Transferring Eating Behaviors from Generation to Generation
In opening remarks to attendees of the “International Maternal and Child Nutrition: Initiating Research Through Multistakeholder Collaboration” forum, DSM CEO Feike Sibjesma and Chair of the SUN Business Platform, said “3,000 children die around the world every day due to inadequate nutrient intake, while on the other hand, more than one billion people globally suffer from overweight and obesity.” These are disturbing numbers. Why are so many children malnourished? Many reasons exist; poverty and war being two primary causes.
But even in developed countries, food insecurity exists. Masters and colleagues examined the relationship of income (and race/ethnicity) on food availability, frequency of family and home cooked meals, and family food expenditures. The report differences in food availability when race/ethnicity was stratified by poverty income ratio (PIR). PIR is a means to adjust income level by considering local living costs and number of dependents. High-income homes had greater access to fruit and fat-free/low-fat milk. Unfortunately fruit availability does not mean consumption.
In a school environment during out-of-school-programming, Beets and colleagues exposed children (5 to 10 y) to snack options of: 1) whole or sliced fruit; 2) whole/sliced fruit or cookies or tortilla chips; 3) whole/sliced fruit or pretzels over the course of 18 snack occasions. The children preferred sliced fruit over whole fruit. However, students chose a cookie (58% of the time) or tortilla chips (38%) over sliced fruit (6%). More children consumed 100% of the cookies and tortilla chips than fruit. And even when chosen, 15-47% of fruit was wasted.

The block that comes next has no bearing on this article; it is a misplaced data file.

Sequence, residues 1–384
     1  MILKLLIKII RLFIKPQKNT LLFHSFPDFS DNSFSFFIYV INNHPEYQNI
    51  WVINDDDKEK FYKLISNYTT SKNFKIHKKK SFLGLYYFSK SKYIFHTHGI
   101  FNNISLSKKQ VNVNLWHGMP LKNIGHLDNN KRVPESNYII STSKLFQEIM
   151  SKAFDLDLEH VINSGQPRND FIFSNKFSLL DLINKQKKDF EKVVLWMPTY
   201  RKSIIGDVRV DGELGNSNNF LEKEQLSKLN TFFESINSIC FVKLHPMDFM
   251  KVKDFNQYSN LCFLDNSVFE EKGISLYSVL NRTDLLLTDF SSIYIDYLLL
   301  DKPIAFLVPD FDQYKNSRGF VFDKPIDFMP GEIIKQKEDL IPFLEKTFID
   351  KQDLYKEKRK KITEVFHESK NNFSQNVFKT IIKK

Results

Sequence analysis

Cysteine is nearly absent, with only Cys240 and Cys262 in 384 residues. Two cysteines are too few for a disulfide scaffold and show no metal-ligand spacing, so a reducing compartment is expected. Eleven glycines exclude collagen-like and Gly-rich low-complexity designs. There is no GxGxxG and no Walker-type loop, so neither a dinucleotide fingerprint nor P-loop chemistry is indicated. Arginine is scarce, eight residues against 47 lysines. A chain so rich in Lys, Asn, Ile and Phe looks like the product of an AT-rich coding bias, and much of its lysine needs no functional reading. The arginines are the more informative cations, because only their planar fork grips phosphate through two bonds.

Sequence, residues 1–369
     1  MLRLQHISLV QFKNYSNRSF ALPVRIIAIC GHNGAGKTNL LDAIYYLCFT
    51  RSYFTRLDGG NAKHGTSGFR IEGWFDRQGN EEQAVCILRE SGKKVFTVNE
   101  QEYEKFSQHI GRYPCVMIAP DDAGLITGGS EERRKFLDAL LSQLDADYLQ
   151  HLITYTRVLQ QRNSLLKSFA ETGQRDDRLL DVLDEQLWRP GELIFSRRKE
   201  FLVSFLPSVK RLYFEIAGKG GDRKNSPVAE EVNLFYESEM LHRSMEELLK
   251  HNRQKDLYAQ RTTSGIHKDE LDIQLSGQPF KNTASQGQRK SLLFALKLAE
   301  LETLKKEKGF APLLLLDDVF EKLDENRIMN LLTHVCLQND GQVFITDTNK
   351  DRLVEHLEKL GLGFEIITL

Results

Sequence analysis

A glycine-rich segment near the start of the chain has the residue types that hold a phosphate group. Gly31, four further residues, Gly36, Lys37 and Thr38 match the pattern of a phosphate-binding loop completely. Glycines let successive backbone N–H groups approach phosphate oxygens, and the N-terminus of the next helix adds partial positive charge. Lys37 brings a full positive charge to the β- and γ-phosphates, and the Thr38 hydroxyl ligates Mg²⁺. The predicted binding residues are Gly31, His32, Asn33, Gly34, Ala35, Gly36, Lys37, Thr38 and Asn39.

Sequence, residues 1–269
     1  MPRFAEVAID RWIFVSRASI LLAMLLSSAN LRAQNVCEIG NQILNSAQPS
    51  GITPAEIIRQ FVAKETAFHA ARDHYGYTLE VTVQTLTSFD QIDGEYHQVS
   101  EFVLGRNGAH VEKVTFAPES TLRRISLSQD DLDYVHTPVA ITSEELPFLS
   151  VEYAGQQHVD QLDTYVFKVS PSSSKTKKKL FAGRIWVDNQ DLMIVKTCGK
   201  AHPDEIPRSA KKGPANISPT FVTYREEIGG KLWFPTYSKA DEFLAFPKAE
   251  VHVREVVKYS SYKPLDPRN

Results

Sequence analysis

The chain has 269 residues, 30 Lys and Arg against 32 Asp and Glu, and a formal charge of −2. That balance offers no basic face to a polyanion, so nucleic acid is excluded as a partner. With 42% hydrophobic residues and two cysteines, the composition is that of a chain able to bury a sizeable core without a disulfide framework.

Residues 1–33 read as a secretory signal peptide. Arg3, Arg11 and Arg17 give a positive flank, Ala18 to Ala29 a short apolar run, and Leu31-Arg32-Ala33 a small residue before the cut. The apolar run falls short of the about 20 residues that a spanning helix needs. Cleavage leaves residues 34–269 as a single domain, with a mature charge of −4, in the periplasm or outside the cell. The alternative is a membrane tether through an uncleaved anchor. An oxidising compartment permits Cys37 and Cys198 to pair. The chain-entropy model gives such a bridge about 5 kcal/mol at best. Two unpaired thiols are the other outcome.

Children are no different today. Throughout history children have liked cookies and yummy snacks. For those living in poverty, nutritional indulgences are limited by availability. For those in food-rich environments, adults need to help guide (constrain) selections by children. My mother and father would encourage me to try new foods. They would make certain that every food group was represented on my plate. If I was being too greedy, my grandmother would suggest my eyes might be bigger than my tummy.
Food and eating behaviors are cultural. Families and caregivers need to be involved in teaching children healthy eating and activity behaviors. What are you role modeling?
Masters MA, Krogstrand KLS, Eskridge KM, Albercht JA. Race/ethnicity and income in relation to the home food environment in US youth aged 6 to 19 years. 2014 JADA doi: 10.1016/j.jand.2014.04.023
Beets MW, Tilley F, Kyryliuk R, Weaver RG, Moore JB, Turne-McGrievy G. Children select unhealthy choices when given a choice among snack offerings. 2014 JADA doi: 10.1016/j.jand.2014.04.022